Traditional medicinal herbs are widely used and may be contaminated with mycotoxigenic fungi during cultivation, harvesting, and storage, causing spoilage and mycotoxin production. We evaluated the predominant mycoflora and extent of mycotoxin contaminations in 48 contaminated samples of 13 different medicinal herbs. In total, 70.8% of herbs were slightly contaminated with aflatoxins (<5 μg kg-1). Codonopsis radix samples contained ochratoxin A (OTA) (360-515 μg kg-1), and Scutellariae radix samples contained OTA (49-231 μg kg-1) and citrinin (15-53 μg kg-1). Forty samples (83.3%) contained fungal contamination. Sixty-nine strains were characterized via morphological and molecular identification. The predominant mycoflora comprised four genera, Aspergillus spp. (26.1%), Penicillium spp. (24.6%), Rhizopus spp. (14.5%), and Trichoderma spp. (11.6%). Aflatoxins, OTA, and citrinin were detected in 37 cultures by high-performance liquid chromatography-tandem mass spectrometry. Approximately 21.6% of Aspergillus and Penicillium isolates produced mycotoxins. One Penicillium polonicum strain isolated from Scutellariae radix synthesized citrinin. Multiplex PCR analysis showed that three Aspergillus flavus strains harbored aflatoxin biosynthesis genes. One Aspergillus flavus strain isolated from Amomi fructus produced AFB1 and AFB2. To the best of our knowledge, the citrinin production by Aspergillus chevalieri and Penicillium sacculum was first reported in this study, which poses a potential risk of mycotoxin contamination in medicinal herbs.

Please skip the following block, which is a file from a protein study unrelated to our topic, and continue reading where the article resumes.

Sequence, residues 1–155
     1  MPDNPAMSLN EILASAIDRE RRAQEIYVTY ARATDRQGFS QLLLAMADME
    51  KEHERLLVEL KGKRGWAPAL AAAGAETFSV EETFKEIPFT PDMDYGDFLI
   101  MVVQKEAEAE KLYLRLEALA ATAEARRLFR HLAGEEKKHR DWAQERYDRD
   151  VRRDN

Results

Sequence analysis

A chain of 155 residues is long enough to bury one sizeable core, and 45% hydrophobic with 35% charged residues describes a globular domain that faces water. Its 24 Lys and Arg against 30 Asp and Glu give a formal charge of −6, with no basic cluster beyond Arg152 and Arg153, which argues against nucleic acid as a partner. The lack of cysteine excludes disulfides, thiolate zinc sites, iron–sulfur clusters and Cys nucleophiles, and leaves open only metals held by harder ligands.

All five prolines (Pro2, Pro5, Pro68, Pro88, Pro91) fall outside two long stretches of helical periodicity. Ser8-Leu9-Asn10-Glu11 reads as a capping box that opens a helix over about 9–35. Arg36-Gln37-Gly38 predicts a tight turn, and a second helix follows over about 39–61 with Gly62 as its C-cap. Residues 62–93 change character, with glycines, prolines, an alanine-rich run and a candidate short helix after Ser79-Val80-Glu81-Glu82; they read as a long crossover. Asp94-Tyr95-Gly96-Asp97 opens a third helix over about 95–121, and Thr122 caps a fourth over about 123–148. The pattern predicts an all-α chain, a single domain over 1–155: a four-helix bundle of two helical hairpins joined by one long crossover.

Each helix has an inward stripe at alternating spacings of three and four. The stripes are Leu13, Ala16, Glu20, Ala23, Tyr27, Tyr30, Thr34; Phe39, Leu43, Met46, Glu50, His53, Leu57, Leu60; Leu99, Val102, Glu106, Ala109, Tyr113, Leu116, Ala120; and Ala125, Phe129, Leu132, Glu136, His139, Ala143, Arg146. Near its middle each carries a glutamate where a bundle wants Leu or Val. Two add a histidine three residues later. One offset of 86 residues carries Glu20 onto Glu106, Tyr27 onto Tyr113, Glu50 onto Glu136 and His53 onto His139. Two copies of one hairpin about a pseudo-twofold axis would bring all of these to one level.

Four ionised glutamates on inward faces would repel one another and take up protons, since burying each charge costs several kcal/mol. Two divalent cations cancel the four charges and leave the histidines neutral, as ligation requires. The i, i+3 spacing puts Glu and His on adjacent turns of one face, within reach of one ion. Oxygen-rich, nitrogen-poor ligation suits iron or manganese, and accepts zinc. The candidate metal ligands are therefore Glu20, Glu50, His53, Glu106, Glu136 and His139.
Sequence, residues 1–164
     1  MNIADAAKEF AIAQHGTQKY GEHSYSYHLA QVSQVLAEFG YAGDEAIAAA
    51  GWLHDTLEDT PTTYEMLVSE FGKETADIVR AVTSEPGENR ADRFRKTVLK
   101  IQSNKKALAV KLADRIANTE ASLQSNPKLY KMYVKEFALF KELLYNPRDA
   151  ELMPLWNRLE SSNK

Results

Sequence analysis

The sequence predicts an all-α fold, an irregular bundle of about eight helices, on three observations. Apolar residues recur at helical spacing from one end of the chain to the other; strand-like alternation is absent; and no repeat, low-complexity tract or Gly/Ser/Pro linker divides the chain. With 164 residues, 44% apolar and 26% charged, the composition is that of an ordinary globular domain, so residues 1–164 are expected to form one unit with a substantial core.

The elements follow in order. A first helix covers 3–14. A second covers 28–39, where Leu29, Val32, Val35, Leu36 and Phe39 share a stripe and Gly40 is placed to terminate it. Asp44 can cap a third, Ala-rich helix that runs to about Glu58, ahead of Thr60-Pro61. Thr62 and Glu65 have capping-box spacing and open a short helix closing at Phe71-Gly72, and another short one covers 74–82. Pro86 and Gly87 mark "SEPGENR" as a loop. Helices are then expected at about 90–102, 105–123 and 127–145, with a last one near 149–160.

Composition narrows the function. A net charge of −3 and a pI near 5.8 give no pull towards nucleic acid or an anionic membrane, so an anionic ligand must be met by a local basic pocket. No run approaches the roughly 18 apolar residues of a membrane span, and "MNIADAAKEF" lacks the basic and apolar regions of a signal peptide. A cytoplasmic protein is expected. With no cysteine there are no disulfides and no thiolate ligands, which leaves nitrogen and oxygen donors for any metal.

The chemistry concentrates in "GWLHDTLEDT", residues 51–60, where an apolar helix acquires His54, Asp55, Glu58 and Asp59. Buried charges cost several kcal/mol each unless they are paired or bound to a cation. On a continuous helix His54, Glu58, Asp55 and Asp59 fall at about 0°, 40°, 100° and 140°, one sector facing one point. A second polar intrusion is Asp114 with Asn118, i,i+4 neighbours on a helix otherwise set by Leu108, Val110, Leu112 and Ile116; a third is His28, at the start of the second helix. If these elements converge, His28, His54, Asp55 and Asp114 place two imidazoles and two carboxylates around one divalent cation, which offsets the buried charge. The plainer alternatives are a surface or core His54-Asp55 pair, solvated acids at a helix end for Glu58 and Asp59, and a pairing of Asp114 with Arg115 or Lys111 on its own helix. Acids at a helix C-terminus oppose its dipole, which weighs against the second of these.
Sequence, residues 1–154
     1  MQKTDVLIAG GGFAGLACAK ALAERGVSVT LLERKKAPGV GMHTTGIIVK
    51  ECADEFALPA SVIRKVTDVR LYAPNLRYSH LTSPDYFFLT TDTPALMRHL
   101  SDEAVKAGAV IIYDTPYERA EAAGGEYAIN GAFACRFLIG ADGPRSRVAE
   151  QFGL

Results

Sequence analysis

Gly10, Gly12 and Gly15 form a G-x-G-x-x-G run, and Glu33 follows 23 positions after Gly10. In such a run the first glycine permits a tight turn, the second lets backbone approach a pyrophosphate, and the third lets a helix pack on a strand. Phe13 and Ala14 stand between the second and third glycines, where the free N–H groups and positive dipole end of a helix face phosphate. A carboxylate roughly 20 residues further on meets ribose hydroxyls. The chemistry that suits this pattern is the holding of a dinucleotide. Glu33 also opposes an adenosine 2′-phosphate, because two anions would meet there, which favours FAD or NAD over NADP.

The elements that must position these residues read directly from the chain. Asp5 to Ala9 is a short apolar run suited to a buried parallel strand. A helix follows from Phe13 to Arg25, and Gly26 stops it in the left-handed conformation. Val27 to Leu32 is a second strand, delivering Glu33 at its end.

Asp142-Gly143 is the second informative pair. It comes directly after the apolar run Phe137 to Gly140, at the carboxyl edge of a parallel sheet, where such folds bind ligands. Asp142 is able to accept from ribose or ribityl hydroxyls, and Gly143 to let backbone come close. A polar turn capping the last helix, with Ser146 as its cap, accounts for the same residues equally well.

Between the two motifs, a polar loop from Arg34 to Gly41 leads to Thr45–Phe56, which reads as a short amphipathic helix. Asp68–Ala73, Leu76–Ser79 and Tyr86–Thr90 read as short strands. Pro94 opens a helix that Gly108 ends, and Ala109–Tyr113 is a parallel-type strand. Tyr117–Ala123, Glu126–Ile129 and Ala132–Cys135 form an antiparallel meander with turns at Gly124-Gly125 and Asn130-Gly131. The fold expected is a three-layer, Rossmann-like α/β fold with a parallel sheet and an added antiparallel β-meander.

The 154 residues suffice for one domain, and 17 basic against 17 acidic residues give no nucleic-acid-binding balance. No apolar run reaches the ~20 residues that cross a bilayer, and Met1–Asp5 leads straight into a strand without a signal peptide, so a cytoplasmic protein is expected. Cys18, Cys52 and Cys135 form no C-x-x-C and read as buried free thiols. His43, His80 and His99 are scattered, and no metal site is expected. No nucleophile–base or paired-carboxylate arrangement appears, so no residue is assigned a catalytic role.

Keywords: HPLC-MS/MS; aflatoxins; citrinin; contamination; medicinal herbs; multiplex PCR; mycoflora; mycotoxigenic fungi; mycotoxin.